Soul Survivor II
ummertime—barbecues, basketball in 75 degree summer heat, Saturday trips to the beach and boom boxes blasting the sonorous break-beat funk of Pete Rock. It feels appropriate that I should review Pete Rock’s Soul Survivor II just as the icy grip of winter has finally broken and summer has descended upon us. Ever since Mecca and the Soul Brother dropped, Pete Rock’s signature sound has been synonymous with the heat, the funk, and the spirit of the season.
Hip-hop has changed in so many ways since Pete Rock’s heyday in the early 90s; to some he appears an anachronism, a dated product of early 90s-era NYC-centric hip-hop, reliant on soul samples and funk breaks rather than the digitally-produced tracks that have made the early aughts another peak period for the continually evolving art form. But this album is so satisfying that I can’t hate; Pete Rock has long-since perfected sample-based production with layers of pianos, horns, guitars and of course that beautiful filtered bass, an expansive sound that submerges the listener and massages the soul.
Soul Survivor II is shorter, tighter and more focused than its predecessor. Pete Rock is “back in the lab” and it sounds as if he never left. He has remained buried in the crates, his fingers flipping through dusty vinyl sleeves, searching for the perfect flourish to perfect his next beat. Reinvention has never been Pete Rock’s strength; he prefers to polish his style, rework it, and perfect it. He continually pushes himself, blending samples, mixing, filtering, and chopping them so that he may reach the heights, each time out, of his masterwork “They Reminisce over You.”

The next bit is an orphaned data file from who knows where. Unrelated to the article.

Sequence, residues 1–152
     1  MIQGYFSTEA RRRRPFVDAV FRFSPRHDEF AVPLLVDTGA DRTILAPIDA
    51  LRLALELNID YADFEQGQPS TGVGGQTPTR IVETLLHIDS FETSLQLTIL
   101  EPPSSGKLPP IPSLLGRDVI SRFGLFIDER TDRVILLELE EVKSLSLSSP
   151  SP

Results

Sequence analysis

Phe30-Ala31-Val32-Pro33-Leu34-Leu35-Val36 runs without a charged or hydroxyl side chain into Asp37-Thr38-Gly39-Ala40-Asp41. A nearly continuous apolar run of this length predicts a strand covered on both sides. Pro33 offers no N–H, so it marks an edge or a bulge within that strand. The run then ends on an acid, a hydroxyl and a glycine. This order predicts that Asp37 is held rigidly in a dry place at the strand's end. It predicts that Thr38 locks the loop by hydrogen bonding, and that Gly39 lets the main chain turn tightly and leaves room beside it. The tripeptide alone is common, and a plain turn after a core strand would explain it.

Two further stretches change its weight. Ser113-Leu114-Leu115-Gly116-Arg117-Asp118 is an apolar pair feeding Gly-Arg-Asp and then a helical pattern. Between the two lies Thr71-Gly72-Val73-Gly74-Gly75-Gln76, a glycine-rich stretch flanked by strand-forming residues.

It’s to his credit that this album is indeed on par with some of his best recordings, and occasionally surpasses them. A producer’s album by nature is going to be as consistent as its guests, and thankfully Rock has made some wise choices arranging his accomplices. The blaxploitation-funk of “Truth Is” opens the album and features spoken word poet Black Ice, who channels the spirit of Gil Scott-Heron throughout. Also special is the affecting R&B; cut “No Tears” with vocalist Leela James. But the main highlight here is the MCs. The underappreciated Pharoahe Monch brings his captivating sing-song flow to bear on the start-stop bump of “Just Do It”, while elsewhere we find the Dead Prez doing a political party jam (“Warzone”), RZA and GZA laying down shaolin-style soul on “Head Rush”, pure wordplay from Skillz on “One MC, One DJ,” and the mournful piano-laced street track “Beef” with Krumbsnatcha. But these are all, again, sidelights to Rock’s main stock in trade: pure soul brother hip-hop.
The satisfaction of hearing CL Smooth over a Pete Rock track is undiminished in the twelve years since their debut LP. “It’s a Love Thing” is a trademark CL loverman joint, and Rock’s vibraphone sample conjures up feelings of being caught in a warm summer rain without an umbrella. The album’s final track, the bittersweet recollection “Appreciate”, sounds fresh yet familiar. This nostalgic reminiscence reaffirms the duo’s importance with the subtle poignancy at the heart of every Pete Rock track. The best tracks on Soul Survivor II capture the same spirit that was in the air when Mecca and the Soul Brother blasted out of every boom box in the summer of 1992.
Reviewed by: David Drake
Reviewed on: 2004-05-11